Richard North, 18/07/2021  
 


Even though the warmist Independent grudgingly concedes that experts and politicians admit it is still too early to say whether global warming caused the devastating deluge in Germany and elsewhere, that has not stopped the paper headlining its piece on the floods: "Devastating floods show Europe needs to curb emissions now, experts warn".

Bearing in mind that devastating floods, per se, provide no evidence whatsoever of global warming (much less of anthropogenic warming) – unless one is prepared to say that the St Mary Magdalene's flood of 22 July 1342 was an example of the phenomenon – one can take the Independent's report as reinforcing yesterday's piece on media agendas.

But there seems to be a case to make that it also illustrates the essential inhumanity of the warmist cause, where any human tragedy is enlisted to promote the agenda, despite there being indications that the proximate cause of many of the deaths – currently standing at 170, with many more missing – may be something more prosaic, amounting to human error.

This is the thesis of The Sunday Times (along with the BBC and others) which reports: "Germany knew the floods were coming, but the warnings didn't work", having weather scientists saying that a "monumental failure of the system" is directly to blame for the death and devastation triggered by a month's worth of rain that fell in two days this week.

In this, there is a dreadful irony in that there exists a highly sophisticated flood prediction model, part-funded by the European Union, linked to The European Flood Awareness System (EFAS). Since 2011, EFAS has been part of the Copernicus Emergency Management Service, and became fully operational in 2012.

According to the ST narrative, he first signs of catastrophe were detected nine days ago by the Copernicus satellite and, over the next few days a team of scientists sent the German authorities a series of forecasts so accurate that they now read like a macabre prophecy.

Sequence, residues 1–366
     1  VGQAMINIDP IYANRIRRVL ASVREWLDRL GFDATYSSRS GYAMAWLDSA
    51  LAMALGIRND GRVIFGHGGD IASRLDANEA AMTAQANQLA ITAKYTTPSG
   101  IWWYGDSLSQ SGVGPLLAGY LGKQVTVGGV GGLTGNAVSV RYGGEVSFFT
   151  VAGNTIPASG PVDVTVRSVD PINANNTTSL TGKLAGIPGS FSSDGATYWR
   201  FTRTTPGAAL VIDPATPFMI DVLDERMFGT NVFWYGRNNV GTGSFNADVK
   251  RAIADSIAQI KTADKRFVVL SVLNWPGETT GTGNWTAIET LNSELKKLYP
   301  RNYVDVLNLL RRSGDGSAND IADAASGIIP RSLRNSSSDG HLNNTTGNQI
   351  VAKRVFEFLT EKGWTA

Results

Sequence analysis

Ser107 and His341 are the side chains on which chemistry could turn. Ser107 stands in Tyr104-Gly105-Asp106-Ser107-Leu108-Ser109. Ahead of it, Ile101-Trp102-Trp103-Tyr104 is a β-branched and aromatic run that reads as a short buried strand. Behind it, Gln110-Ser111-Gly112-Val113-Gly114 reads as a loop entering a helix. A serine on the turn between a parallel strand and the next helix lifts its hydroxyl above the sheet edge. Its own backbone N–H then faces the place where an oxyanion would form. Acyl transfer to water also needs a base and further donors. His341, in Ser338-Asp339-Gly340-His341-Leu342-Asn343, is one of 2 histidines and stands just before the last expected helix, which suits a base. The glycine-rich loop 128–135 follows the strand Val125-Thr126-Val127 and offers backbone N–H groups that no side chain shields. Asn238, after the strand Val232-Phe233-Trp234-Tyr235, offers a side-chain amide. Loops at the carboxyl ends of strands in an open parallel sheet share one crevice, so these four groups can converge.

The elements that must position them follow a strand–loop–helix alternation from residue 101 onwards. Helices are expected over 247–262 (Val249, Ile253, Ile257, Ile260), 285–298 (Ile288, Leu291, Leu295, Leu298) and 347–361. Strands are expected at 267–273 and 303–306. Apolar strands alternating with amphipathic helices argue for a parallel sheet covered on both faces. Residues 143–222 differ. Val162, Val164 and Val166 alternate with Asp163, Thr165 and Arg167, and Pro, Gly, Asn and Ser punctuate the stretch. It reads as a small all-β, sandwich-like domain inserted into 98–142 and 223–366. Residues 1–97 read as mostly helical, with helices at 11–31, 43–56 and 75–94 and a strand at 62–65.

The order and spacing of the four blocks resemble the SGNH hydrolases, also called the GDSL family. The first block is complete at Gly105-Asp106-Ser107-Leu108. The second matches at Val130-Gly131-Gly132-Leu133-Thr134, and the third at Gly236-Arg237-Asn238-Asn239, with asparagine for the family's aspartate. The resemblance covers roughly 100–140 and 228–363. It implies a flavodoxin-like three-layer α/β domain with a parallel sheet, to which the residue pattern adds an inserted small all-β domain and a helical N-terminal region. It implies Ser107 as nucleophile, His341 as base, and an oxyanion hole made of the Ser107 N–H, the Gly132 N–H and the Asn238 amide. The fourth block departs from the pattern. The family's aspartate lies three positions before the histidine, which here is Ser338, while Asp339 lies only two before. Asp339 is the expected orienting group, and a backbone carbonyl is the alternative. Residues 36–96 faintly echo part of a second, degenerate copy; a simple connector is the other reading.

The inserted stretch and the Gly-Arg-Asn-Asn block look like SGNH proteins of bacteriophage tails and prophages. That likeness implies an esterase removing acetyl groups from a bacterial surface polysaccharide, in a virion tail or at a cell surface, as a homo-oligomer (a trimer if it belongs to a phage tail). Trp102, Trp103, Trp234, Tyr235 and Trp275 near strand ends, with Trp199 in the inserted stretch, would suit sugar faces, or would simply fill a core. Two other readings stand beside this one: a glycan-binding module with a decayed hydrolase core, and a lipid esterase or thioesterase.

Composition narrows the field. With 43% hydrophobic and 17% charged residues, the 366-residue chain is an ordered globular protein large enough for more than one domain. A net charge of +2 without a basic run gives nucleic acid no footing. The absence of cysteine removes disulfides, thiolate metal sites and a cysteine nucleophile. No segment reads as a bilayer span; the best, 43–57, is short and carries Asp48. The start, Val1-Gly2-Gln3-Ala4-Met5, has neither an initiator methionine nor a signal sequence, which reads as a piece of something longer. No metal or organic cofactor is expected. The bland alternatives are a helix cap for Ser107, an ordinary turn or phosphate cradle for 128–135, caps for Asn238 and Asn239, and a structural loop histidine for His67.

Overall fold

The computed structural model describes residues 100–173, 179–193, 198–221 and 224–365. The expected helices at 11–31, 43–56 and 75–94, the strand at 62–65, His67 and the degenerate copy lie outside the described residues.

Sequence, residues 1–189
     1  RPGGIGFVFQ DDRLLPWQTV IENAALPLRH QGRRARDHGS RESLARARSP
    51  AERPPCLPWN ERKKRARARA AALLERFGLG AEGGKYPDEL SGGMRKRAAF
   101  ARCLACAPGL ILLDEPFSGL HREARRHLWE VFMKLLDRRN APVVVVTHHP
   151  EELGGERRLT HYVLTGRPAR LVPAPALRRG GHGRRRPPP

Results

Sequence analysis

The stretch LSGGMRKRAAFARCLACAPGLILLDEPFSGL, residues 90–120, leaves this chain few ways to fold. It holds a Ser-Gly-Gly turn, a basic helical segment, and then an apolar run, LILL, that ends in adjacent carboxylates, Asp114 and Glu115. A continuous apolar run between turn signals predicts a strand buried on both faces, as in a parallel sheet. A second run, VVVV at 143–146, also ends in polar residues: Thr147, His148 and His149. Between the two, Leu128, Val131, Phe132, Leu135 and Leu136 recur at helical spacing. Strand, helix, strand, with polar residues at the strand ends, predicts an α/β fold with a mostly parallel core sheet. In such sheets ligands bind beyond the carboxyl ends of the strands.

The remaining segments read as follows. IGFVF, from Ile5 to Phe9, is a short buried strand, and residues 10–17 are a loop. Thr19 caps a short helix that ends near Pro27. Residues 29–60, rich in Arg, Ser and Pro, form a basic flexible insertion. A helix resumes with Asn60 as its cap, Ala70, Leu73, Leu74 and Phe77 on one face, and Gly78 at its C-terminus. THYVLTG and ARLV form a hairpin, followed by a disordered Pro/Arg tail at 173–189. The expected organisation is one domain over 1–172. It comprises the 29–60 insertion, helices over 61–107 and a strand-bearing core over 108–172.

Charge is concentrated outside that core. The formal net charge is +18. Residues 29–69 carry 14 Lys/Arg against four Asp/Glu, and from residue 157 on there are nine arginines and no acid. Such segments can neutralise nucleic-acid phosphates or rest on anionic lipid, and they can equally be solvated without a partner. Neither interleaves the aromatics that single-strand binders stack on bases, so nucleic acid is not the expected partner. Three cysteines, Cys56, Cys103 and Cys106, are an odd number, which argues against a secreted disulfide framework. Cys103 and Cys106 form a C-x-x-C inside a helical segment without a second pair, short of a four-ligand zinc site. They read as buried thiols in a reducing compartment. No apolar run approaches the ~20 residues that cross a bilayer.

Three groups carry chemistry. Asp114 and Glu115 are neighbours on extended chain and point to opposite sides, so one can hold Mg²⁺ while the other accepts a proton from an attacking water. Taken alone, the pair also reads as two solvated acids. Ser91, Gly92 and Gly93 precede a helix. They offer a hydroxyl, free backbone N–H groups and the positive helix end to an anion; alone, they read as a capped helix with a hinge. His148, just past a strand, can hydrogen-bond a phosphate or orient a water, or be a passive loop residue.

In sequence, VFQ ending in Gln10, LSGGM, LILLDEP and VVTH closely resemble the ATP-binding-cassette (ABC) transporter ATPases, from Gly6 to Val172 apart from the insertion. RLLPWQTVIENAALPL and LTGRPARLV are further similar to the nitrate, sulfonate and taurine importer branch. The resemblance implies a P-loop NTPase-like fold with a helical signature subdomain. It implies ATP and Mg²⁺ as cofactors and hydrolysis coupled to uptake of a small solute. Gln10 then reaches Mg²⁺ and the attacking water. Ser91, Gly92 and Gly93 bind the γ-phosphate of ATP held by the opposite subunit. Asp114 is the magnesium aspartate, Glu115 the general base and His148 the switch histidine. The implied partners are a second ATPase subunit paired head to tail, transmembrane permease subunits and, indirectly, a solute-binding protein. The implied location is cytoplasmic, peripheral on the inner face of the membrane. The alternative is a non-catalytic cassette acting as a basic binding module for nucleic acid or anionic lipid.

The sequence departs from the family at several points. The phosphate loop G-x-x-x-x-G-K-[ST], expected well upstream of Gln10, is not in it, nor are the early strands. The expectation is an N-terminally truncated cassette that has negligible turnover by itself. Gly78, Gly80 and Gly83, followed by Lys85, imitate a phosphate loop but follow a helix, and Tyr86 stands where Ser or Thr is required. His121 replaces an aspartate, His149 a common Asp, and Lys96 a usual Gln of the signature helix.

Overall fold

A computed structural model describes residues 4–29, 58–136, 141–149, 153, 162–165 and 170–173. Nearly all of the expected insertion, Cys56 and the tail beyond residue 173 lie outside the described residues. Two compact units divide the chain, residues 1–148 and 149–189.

This warned that the Rhineland was about to be hit by "extreme" flooding, particularly along the Erft and Ahr rivers, and in towns such as Hagen and Altena. Yet despite at least 24 hours’ warning that predicted, almost precisely, which districts would be worst afflicted when the rains came, the flood still caught many of its victims largely unawares.

In a further irony, one of the key members of the EU research team, for which she won an award, was Professor Hannah Cloke, Director of Hydrology Research at Reading University. She takes up the story for the ST, stating that Germany got its preparations "badly wrong", and that a "monumental failure of the system" had led to the loss of life.

The systems in place stem from the 2002 European floods in which at least 110 people died, with economic damage estimated in excess of €15 billion.

Cloke has it that, as a result of this catastrophe, she and two of her colleagues designed the European Flood Awareness System (Efas). They had resolved that victims had to be forearmed. "Given the number of deaths and the amount of damage, we had the idea that we should never allow this to happen again", Cloke is cited as saying in the ST.

In actuality, the European Commission was quick off the mark, with COM(2002) 481 final, pledging to adopt an integrated European strategy on prevention, preparedness and response to such risks. Already, it claimed to have developed a flood simulation system called "LISFLOOD" which would enable forecasts between two and ten days ahead of an event, simulating the impact of preventive measures in catchment areas.

This system, which has been constantly updated and expanded, to provide detailed modelling data of European river systems, has produced data which have been combined with observations from the EU's Copernicus satellites. Overlaid by algorithms, predictions can be made of river-levels up to ten days in advance.